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Running Transact-SQL Script Files Using osql

SQL Server 2000

Running Transact-SQL Script Files Using osql

  Topic last updated -- January 2004

You can use osql to execute database script files, which are text files containing a mix of Transact-SQL statements and osql commands. osql works with the statements and commands in the script file in a manner very similar to how it works with statements and commands entered interactively. The main difference is that osql reads through the input file without pause instead of waiting for a user to enter the statements and commands.

There are different ways to create database script files:

  • You can interactively build and debug a set of Transact-SQL statements in SQL Server Query Analyzer, and then save the contents of the Query window as a script file.

  • You can create a text file containing Transact-SQL statements using a text editor such as notepad.

  • You can use SQL Server Enterprise Manager to generate scripts for creating objects in a database. For more information, see Documenting and Scripting Databases.

For more information about the uses of Transact-SQL scripts, see Transact-SQL Scripts.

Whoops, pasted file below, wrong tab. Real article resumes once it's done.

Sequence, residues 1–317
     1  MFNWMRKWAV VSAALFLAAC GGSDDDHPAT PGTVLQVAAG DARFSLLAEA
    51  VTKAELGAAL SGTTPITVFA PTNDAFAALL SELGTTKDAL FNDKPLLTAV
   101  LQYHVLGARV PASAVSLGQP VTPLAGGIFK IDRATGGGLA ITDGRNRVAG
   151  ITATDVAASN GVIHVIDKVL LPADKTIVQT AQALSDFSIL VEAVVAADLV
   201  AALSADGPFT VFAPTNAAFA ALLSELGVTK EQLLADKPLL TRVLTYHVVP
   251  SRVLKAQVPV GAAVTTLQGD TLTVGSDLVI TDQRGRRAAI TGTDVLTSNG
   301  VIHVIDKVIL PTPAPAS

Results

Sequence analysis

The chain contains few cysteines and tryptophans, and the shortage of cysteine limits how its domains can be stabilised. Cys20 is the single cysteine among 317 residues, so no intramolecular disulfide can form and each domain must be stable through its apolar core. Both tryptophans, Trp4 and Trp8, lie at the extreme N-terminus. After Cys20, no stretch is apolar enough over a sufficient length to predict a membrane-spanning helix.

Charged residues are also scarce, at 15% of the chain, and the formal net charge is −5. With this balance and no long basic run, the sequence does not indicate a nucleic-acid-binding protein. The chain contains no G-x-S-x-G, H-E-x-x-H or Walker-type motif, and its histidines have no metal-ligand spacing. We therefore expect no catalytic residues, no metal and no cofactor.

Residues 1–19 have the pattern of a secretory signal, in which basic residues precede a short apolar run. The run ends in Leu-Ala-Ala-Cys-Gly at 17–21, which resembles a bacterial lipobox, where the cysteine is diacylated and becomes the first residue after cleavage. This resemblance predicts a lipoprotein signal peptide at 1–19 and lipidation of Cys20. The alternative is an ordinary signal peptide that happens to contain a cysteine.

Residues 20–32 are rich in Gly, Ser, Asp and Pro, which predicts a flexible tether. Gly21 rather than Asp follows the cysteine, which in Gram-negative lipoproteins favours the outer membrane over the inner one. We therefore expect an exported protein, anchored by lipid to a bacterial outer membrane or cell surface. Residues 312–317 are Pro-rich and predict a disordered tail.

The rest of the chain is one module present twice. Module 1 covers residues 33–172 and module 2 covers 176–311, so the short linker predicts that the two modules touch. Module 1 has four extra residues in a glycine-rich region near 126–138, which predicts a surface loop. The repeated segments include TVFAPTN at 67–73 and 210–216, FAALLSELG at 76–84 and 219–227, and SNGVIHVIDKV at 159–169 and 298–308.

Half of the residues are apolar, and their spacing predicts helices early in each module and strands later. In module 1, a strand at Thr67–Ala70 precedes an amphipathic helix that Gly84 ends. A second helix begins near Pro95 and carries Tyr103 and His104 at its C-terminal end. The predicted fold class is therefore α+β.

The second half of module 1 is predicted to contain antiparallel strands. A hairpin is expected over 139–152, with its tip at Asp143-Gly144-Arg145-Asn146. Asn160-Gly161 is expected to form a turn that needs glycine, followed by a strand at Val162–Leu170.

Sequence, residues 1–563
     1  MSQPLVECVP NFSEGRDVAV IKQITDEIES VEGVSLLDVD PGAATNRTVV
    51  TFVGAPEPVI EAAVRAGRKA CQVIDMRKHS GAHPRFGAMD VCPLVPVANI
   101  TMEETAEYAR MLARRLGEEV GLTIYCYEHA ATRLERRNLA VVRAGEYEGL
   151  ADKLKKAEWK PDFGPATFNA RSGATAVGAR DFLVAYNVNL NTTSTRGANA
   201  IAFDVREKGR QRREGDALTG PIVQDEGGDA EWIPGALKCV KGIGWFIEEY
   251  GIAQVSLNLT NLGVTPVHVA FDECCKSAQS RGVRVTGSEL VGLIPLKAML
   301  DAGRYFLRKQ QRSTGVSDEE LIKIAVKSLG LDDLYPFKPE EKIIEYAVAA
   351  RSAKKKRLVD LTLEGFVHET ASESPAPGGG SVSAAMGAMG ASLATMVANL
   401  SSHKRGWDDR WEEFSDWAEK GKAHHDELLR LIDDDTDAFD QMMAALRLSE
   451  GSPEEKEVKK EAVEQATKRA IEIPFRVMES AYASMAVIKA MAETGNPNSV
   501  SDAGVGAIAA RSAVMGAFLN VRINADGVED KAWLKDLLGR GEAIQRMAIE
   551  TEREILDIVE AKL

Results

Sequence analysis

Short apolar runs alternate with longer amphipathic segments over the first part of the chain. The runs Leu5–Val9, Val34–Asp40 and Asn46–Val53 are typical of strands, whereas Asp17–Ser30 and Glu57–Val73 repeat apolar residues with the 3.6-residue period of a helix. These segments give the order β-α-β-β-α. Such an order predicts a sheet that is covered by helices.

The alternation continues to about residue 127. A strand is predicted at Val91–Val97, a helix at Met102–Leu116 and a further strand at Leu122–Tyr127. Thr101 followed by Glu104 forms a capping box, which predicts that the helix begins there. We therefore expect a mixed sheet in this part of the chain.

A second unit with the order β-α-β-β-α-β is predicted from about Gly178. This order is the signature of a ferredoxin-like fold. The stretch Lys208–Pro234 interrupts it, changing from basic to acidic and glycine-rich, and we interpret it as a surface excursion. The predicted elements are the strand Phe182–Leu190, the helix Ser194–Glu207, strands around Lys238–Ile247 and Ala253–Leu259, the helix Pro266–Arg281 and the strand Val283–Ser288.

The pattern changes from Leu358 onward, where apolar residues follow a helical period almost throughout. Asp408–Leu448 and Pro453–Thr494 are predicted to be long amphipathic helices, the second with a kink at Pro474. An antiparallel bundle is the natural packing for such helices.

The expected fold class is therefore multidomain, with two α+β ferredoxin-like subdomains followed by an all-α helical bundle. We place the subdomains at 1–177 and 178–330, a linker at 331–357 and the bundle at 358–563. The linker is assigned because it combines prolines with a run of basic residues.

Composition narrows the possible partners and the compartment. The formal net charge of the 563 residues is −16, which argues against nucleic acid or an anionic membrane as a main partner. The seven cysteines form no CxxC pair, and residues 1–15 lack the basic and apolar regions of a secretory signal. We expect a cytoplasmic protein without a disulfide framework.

Example of Running a Script Using osql

This is an example of creating a script file and running the script using osql.

Open Notepad and type the following Transact-SQL statements and osql commands:

USE Northwind

GO

SELECT SupplierID, CompanyName

FROM Suppliers

WHERE CompanyName LIKE 'T%'

GO

Use the File/Save As menu to save this as a file named MyScript.sql in a folder C:\MyFolder. Run the following command from the command prompt to run the script and place the output in a file named MyOutput.rpt in the same folder:

osql -E -i C:\MyFolder\MyScript.sql -o C:\MyFolder\MyOutput.rpt

When you view the contents of MyOutput.rpt in Notepad, you will see:

1> 2> 1> 2> 3> 4> SupplierID  CompanyName                             

 ----------- ----------------------------------------

           4 Tokyo Traders                           

(1 row affected)

1>

You can use the -n switch to suppress the batch line numbers (1> 2> 1> 2> 3> 4>):

osql -E -h-1 -i C:\MyFolder\MyScript.sql -o C:\MyFolder\NoHeaders.rpt

When you view the contents of NoHeaders.rpt, you will see:

 SupplierID  CompanyName                             

 ----------- ----------------------------------------

           4 Tokyo Traders                           

(1 row affected)

See Also

osql Utility

Running the osql Utility

Running Transact-SQL Statements Interactively Using osql

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